Classicist Mary Beard (author of SPQR: A History of Ancient Rome) traces the history of misogyny from ancient times through to the present. Reflecting on the prohibition of women from holding positions of power, Beard draws parallels between ancient female figures like Medusa and Philomela with contemporary women like Hillary Clinton and Elizabeth Warren.
Ultimately Beard questions that if women aren’t perceived to be in the structure of power, when will we redefine power to be more inclusive?
10. Periods Gone Public: Taking A Stand for Menstrual Equity by Jennifer Weiss-Wolf
Named a “badass menstrual activist” by Bustle, Jennifer Weiss-Wolf discusses her fight for what she calls “period equity.” In her book, she opens up about working to make menstruation a topic that isn’t taboo but rather something that can be discussed openly and publically.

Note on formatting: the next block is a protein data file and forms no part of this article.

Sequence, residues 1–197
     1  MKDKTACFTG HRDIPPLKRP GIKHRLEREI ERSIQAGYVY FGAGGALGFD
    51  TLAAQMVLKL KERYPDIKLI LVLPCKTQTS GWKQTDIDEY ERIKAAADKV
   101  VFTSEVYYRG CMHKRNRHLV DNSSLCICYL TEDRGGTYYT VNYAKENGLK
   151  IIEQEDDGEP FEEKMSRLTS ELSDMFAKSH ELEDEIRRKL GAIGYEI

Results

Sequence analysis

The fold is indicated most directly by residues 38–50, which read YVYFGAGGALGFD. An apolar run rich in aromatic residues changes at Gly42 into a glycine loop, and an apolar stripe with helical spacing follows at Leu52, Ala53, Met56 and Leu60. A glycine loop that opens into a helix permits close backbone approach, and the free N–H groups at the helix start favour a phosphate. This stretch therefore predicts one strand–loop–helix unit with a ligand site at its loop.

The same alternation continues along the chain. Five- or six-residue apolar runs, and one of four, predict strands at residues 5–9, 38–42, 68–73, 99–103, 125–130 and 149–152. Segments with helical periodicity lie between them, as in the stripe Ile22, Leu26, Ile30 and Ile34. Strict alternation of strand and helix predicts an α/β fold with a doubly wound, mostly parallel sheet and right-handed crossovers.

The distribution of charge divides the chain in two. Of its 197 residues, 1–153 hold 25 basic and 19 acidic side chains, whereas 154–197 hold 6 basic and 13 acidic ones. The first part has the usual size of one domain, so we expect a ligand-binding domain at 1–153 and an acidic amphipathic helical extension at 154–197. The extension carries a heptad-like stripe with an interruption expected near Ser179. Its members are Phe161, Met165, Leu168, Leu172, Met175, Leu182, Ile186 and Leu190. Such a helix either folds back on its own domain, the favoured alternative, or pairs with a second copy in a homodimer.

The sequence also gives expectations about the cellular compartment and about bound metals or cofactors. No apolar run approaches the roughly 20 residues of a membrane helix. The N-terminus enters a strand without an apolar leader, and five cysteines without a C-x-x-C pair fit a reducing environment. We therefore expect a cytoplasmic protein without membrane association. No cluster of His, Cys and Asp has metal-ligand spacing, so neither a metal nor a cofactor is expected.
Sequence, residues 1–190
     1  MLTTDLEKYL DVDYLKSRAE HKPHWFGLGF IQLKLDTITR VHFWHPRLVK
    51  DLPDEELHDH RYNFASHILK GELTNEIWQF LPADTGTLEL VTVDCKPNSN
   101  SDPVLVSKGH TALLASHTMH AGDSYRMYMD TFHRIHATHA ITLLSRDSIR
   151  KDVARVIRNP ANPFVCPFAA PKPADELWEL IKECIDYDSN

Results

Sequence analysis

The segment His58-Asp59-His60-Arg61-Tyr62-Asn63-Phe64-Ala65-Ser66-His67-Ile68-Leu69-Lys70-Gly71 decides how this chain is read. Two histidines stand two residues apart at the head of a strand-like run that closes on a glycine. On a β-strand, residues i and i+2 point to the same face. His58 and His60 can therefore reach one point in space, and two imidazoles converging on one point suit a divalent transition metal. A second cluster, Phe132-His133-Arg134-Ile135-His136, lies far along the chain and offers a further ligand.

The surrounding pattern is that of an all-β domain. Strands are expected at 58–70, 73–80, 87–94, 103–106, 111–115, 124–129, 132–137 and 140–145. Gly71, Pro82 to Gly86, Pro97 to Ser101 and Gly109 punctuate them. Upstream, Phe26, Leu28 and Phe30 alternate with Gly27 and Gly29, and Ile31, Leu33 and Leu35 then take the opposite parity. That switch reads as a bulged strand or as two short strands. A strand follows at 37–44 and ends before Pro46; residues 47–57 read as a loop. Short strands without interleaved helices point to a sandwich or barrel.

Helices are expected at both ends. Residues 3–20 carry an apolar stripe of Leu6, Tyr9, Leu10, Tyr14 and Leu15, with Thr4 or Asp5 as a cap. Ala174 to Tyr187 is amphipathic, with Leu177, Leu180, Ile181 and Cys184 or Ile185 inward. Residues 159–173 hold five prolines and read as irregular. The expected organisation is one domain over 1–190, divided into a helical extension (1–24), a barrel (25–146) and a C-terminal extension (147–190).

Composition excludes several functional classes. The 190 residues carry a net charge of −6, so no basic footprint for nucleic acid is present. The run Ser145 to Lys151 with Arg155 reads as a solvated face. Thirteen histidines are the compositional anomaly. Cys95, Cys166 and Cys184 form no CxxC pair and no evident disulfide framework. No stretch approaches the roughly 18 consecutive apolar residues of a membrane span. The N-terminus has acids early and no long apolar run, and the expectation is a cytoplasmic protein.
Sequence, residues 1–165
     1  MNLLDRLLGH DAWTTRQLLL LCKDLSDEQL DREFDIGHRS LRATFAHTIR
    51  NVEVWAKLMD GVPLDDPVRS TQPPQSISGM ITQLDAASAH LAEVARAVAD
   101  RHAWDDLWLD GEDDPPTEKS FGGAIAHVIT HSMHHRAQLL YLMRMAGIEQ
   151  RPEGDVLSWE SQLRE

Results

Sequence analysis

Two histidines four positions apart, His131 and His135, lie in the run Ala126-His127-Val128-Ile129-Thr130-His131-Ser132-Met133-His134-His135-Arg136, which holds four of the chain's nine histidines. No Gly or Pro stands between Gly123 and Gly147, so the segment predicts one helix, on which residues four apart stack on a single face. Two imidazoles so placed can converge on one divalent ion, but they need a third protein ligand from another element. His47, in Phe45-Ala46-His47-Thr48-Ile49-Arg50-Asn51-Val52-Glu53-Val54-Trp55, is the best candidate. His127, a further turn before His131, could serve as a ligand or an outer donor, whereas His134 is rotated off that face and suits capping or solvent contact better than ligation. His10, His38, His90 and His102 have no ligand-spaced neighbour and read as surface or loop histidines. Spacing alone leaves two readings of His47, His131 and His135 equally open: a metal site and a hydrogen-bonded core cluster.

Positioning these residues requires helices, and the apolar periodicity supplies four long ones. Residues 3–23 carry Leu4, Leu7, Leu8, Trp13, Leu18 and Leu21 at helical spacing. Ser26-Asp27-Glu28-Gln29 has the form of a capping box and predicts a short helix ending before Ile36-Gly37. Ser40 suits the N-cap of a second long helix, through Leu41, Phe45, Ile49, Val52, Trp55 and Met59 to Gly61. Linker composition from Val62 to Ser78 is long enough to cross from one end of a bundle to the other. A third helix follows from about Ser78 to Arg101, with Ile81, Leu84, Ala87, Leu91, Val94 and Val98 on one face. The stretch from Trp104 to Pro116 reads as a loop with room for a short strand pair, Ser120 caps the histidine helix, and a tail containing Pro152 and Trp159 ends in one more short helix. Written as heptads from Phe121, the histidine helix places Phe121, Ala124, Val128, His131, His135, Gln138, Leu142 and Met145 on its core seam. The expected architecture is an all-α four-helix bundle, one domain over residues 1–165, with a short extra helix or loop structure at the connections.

11. Eloquent Rage: A Black Feminist Discovers Her Superpower by Brittney Cooper
Brittney Cooper discusses how black women’s anger has been caricatured as a destructive force in American culture and argues that it is also the force behind successes like Serena Williams playing tennis, Beyoncé’s powerful girl anthems and Michelle Obama’s influence.
Discussing her own experiences with eloquent rage and its role in her life, Cooper’s book is one of the most anticipated feminist books of 2018.
Eloquent Rage is available from the Edmonton Public Library as an eBook.
12. Nasty Women: Feminism, Resistance, and Revolution in Trump’s America edited by Samhita Mukhopadhyay
In the wake of Donald Trump’s election and the statistics of women voters for both candidates, this collection of essays from 23 women looks at what led up to the 2016 U.S. election and how to move forward. It includes essays from Rebecca Solnit, Cheryl Strayed and Randa Jarrar.
Nasty Women is available from the Edmonton Public Library as a book.
13. Everyday Sexism by Laura Bates
Beginning as a blog, Laura Bates’ collection of stories of sexism that women face every day also provides thoughts on how we can fight its pervasiveness. Ranging from experiences of being wolf-whistled at on the street to discrimination in the workplace to sexual assault, Bates fights against the normalization of sexism. This book is a precursor to the #metoo movement.